Estoppel Is No Longer a Defense to a Child Support Enforcement Proceeding
Texas Supreme Court ruling in 2013:
A father and mother agreed that the father’s child support obligation would cease if he voluntarily relinquished his parental rights. The father signed an affidavit of relinquishment, but the mother never filed the affidavit with the court. Nine years later, the OAG sought to modify the father’s child support and confirm arrearages. On appeal, the father argued the OAG was estopped from seeking child support because the mother led him to believe his parental rights were terminated. The Supreme Court held that although the father and mother had an agreement, the agreement did not override his duty to support the child.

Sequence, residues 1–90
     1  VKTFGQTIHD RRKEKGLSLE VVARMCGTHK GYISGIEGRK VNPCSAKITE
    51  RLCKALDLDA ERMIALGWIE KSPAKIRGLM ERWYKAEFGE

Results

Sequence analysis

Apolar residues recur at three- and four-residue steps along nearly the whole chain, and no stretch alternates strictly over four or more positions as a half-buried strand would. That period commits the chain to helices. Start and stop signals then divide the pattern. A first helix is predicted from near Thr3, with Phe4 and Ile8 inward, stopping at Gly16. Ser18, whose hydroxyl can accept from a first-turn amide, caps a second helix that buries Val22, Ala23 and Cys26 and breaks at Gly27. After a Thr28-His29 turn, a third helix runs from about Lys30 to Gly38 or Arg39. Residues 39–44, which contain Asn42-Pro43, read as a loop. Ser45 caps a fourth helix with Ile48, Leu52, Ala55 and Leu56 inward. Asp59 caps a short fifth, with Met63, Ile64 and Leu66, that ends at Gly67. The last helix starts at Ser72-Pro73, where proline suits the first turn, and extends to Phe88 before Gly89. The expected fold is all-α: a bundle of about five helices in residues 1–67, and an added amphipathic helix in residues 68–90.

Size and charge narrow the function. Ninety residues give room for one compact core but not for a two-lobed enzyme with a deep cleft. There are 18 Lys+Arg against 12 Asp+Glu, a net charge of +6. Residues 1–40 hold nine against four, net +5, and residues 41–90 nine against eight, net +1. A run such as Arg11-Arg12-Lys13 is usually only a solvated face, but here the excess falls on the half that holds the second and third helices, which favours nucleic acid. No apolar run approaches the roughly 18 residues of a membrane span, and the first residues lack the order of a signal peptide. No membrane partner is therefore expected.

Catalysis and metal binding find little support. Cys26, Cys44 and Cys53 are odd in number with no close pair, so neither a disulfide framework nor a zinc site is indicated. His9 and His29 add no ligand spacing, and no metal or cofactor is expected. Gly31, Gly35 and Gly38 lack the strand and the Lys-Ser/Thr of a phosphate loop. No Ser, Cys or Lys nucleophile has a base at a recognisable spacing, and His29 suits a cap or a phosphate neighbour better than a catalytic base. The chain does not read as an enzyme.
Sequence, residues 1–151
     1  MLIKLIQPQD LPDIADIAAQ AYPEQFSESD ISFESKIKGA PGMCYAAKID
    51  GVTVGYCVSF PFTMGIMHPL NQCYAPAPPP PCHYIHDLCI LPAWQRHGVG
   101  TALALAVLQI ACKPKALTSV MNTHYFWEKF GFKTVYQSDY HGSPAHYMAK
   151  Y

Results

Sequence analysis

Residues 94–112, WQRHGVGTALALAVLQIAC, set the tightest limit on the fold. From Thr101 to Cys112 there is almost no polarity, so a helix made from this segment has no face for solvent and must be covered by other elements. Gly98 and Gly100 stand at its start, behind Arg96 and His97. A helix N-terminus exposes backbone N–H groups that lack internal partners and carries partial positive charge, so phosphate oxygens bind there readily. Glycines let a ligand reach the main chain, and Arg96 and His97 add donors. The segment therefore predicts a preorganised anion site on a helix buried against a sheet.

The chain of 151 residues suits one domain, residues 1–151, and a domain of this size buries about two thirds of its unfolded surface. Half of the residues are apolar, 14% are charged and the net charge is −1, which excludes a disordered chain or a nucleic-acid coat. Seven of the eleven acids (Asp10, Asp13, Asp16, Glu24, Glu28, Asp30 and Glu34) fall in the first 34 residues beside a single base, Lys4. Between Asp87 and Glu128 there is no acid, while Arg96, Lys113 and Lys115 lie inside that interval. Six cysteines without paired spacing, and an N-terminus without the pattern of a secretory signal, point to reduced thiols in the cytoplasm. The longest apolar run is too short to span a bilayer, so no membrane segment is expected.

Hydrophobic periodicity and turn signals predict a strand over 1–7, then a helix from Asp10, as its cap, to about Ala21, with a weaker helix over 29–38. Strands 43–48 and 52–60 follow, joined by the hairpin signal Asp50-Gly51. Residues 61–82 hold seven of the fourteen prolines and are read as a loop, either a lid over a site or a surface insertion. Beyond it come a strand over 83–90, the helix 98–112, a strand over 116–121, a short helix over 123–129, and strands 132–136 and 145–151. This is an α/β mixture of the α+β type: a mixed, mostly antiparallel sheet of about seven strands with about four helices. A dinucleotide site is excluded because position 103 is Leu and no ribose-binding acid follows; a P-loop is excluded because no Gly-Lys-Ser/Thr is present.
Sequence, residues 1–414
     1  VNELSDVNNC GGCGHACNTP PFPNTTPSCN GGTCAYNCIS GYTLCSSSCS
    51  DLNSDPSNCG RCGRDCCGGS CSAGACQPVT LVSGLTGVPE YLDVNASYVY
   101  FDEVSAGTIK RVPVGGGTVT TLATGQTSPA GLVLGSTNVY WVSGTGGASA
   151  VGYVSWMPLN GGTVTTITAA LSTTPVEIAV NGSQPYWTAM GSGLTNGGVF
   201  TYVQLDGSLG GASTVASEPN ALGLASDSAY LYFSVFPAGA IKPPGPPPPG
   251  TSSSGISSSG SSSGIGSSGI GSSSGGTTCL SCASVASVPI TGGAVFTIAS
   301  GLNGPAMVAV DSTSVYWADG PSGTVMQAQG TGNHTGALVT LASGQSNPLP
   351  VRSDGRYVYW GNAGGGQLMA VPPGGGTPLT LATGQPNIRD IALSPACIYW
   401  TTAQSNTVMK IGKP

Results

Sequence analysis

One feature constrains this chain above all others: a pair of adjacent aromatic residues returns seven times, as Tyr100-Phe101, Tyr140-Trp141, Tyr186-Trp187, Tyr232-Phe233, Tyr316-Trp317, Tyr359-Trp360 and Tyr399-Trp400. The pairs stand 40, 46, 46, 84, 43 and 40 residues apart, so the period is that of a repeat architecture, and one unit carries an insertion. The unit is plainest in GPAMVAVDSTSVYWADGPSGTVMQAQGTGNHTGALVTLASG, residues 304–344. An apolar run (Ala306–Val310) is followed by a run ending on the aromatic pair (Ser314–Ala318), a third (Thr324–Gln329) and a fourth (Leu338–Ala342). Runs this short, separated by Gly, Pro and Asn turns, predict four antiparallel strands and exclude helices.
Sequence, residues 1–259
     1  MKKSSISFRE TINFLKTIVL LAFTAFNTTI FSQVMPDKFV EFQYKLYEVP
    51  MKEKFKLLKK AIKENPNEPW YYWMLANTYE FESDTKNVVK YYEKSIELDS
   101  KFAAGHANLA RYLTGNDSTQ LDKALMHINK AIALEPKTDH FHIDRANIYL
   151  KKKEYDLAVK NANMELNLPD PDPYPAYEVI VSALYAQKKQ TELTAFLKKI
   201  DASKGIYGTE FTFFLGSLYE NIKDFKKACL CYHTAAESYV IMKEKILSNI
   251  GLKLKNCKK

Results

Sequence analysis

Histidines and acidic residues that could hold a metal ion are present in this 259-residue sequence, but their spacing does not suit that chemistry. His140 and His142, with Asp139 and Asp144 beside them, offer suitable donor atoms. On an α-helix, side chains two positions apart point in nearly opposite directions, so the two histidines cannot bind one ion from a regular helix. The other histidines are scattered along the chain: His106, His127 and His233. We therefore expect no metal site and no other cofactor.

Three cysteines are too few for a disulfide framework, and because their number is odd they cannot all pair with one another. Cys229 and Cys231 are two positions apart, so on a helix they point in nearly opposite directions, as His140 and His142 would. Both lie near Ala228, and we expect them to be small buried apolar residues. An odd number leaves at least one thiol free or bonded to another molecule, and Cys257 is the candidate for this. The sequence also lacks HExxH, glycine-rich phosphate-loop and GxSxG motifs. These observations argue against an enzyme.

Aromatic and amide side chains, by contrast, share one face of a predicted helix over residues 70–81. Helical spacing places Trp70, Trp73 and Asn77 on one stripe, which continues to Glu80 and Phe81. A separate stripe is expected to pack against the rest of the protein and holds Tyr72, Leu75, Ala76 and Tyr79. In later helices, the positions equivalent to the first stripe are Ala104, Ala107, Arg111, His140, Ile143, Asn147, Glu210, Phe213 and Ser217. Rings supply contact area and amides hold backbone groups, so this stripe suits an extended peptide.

What does this all this legalese mean to you if you are a father paying child support and you and the mom have agreed that you will relinquish your rights? It means that you should have a lawyer advising you, to insure that the right documents are being filed in the right place at the right time so that years later you don’t suddenly learn that you owe a large child support arrearage when you thought you were done. Sometimes people will be penny-wise and pound-foolish. It’s cheaper in the long run to hire a lawyer than try to it right the first time than to try to correct it later.